The healthcare industry, both within and outside the U.S., has experienced a trend toward cost containment as government and private insurers seek to control rising healthcare costs by imposing lower payment and negotiating reduced contract rates with service providers. Third-party payors continually review their coverage and reimbursement policies for procedures involving the use of our products and can, without notice, eliminate or reduce coverage or reimbursement for our products. For example, a major national third-party insurer in the U.S. recently reduced coverage (from all or most cases to limited indications) for biomechanical devices (e.g., spine cages) used in cervical fusion procedures, stating that the devices had not been shown to be more effective than bone graft. In addition, certain insurers have limited coverage for vertebral fusions in the lumbar spine and other insurers may adopt similar coverage decisions in the future. Patients covered by these insurers may be unwilling or unable to afford lumbar fusion surgeries to treat their conditions, which could materially harm or limit our ability to sell our products designed for such surgeries. Further, third-party payors of hospital services and hospital outpatient services annually revise their payment methodologies, which could result in stricter standards for or the elimination of reimbursement of hospital charges for certain medical procedures.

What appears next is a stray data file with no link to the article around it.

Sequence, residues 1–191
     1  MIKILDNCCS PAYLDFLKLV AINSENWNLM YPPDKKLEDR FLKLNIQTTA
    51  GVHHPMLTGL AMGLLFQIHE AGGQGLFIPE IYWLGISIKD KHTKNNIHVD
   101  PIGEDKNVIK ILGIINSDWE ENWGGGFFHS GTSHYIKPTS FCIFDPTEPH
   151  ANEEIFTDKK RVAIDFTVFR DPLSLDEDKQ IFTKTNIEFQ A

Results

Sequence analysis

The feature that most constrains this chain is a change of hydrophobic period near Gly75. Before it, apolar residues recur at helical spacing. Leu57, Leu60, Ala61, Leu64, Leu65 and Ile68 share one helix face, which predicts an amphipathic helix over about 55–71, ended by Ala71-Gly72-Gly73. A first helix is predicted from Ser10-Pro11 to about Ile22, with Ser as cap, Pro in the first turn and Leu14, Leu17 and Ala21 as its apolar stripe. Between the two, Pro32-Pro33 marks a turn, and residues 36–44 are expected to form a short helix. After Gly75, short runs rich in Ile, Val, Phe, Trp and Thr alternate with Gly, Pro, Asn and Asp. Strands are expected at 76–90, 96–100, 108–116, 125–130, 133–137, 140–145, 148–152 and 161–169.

To the extent we sell our products internationally, market acceptance may depend, in part, upon the availability of coverage and reimbursement within prevailing healthcare payment systems. Reimbursement and healthcare payment systems in international markets vary significantly by country. As in the U.S., our products may not obtain coverage and reimbursement approvals in a timely manner, if at all, in a particular foreign market. In addition, even if we are able to obtain country-specific coverage and reimbursement approvals, we could incur considerable expense to do so. Our failure to obtain such coverage and approvals would negatively affect market acceptance of our products in the international markets in which such failure occurs and the expenses incurred in connection with obtaining such coverage and approvals could outweigh the benefits of obtaining them.